3. In what ways, if any, should a remedy with respect to infringement of the '348 patent be specifically tailored to avoid harm to the public interest, as identified in 19 U.S.C. 1337(d)(1) and (f)(1)? In addressing this issue, the Commission requests that submitters avoid discussing issues related to standards-setting organizations, as the record concerning those issues has been well developed.
In addition to the foregoing, the parties to the investigation are requested to brief their positions on the following issues, with reference to the applicable law, the existing evidentiary record, and if necessary, additional sworn testimony or expert declarations:
4. With respect to the '348 patent, Samsung's infringement case before the Commission relied upon accused third and fourth generation Apple products that operate on the AT&T wireless network. If the Commission were to issue remedial orders covering articles covered by the asserted claims of the '348 patent, would such an order cover (a) Apple products that operate on other wireless networks in the United States, and (b) later generation Apple products (e.g., iPhone 5, later iPad versions)?
5. Please summarize the history to date of negotiations between Samsung and Apple concerning any potential license to the '348 patent, either alone or in conjunction with other patents. Please provide copies of all written offers and counteroffers concerning a license that would cover the '348 patent, whether made by Samsung or Apple.
6. Please summarize all licenses to the '348 patent granted by Samsung to any entity. Please provide copies of, or cite to their location in the record of this investigation, all agreements wherein Samsung grants any entity a license to the '348 patent.
7. Samsung and Apple are each requested to submit specific licensing terms for the '348 patent that each believes are fair, reasonable, and non-discriminatory. Would Samsung's terms change if the Commission were to enter remedial orders against Apple's products accused in this investigation? If so, please explain whether such an offer would be fair, reasonable, and non-discriminatory.
8. Which factors in Georgia-Pacific Corp. v. United States Plywood Corp., 318 F. Supp. 1116 (S.D.N.Y. 1970) are most relevant to determining whether Samsung has offered to license the '348 patent to Apple on fair, reasonable, and non-discriminatory terms? Please apply any relevant Georgia-Pacific factors to Samsung's offer(s) to license the '348 patent to Apple. This analysis should include a comparison of Samsung's licensing offers to a hypothetical negotiation between the parties prior to adoption of the '348 patent into the standard at issue here. What other factors, if any, are relevant in determining whether Samsung has made a fair, reasonable, and non-discriminatory offer?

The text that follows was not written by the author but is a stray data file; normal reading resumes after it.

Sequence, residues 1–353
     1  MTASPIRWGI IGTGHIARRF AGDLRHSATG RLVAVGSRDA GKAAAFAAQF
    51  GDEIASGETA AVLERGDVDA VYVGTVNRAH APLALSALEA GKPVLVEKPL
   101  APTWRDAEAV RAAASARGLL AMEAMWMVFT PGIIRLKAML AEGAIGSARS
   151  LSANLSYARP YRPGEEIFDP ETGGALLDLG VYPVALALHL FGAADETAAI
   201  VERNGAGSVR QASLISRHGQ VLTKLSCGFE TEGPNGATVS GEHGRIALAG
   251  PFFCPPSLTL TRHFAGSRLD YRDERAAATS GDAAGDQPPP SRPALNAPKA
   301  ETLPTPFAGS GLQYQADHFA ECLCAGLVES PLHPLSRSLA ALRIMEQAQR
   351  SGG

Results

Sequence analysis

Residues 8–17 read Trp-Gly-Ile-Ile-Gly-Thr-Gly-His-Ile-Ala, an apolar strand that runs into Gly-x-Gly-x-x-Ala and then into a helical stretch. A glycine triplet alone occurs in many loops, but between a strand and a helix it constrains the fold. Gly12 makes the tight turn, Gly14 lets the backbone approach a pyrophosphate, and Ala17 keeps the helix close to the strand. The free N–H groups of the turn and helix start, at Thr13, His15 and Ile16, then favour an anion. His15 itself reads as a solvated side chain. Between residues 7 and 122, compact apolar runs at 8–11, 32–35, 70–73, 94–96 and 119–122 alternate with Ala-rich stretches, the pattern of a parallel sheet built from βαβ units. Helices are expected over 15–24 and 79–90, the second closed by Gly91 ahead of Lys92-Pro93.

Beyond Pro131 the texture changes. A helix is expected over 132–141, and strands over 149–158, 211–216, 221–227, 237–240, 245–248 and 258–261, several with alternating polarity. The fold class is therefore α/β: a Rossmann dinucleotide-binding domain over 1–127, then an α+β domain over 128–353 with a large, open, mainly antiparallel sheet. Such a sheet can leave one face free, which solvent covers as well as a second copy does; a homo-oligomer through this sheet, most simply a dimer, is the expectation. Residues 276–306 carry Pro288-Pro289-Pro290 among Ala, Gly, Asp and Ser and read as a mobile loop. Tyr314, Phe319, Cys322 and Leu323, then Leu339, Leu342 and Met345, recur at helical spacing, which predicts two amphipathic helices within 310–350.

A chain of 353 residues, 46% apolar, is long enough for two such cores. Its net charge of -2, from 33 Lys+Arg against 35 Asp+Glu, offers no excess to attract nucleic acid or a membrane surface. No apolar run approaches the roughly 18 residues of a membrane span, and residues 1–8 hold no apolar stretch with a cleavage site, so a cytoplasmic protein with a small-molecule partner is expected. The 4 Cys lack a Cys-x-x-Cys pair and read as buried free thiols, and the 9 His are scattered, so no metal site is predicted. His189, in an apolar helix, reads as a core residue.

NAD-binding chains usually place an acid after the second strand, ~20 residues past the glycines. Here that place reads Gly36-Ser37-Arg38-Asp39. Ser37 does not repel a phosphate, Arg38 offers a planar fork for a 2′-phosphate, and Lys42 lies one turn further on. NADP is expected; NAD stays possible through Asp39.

The Commission has invited briefing on only the discrete issues enumerated above. Other issues on review are adequately presented in existing filings.
Written Submissions: Written submissions in response to this notice must be filed no later than close of business on April 3, 2013. Initial submissions, not including any attachments, expert declarations, or exhibits, are limited to 50 pages for parties and 25 pages for non-parties. Reply submissions must be filed no later than the close of business on April 10, 2013. Reply submissions, not including any attachments, expert declarations, or exhibits, are limited to 35 pages for parties and 20 pages for non-parties. No further submissions on these issues will be permitted unless otherwise ordered by the Commission.
Persons filing written submissions must file the original document electronically on or before the deadlines stated above and submit 8 true paper copies to the Office of the Secretary by noon the next day pursuant to section 210.4(f) of the Commission's Rules of Practice and Procedure (19 CFR 210.4(f)). Submissions should refer to the investigation number (“Inv. No. 337-TA-794”) in a prominent place on the cover page and/or the first page. (See Handbook for Electronic Filing Procedures, http://www.usitc.gov/secretary/fed_reg_notices/rules/handbook_on_electronic_filing.pdf). Persons with questions regarding filing Start Printed Page 16867should contact the Secretary (202-205-2000).
Any person desiring to submit a document to the Commission in confidence must request confidential treatment. All such requests should be directed to the Secretary to the Commission and must include a full statement of the reasons why the Commission should grant such treatment. See 19 CFR 201.6. Documents for which confidential treatment by the Commission is properly sought will be treated accordingly. A redacted non-confidential version of the document must also be filed simultaneously with the any confidential filing. All non-confidential written submissions will be available for public inspection at the Office of the Secretary and on EDIS.
The authority for the Commission's determination is contained in section 337 of the Tariff Act of 1930, as amended (19 U.S.C. 1337), and in Part 210 of the Commission's Rules of Practice and Procedure (19 CFR part 210).
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Issued: March 13, 2013.
By order of the Commission.
Lisa R. Barton,
Acting Secretary to the Commission.
[FR Doc. 2013-06252 Filed 3-18-13; 8:45 am]